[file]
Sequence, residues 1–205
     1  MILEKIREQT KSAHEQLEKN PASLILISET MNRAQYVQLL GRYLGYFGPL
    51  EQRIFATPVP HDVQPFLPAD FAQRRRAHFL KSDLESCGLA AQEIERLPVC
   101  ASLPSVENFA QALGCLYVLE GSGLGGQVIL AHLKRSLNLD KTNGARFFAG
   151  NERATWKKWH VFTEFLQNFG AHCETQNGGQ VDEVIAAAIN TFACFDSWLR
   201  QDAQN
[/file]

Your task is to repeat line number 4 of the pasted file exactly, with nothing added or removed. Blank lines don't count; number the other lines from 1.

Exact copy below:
   101  ASLPSVENFA QALGCLYVLE GSGLGGQVIL AHLKRSLNLD KTNGARFFAG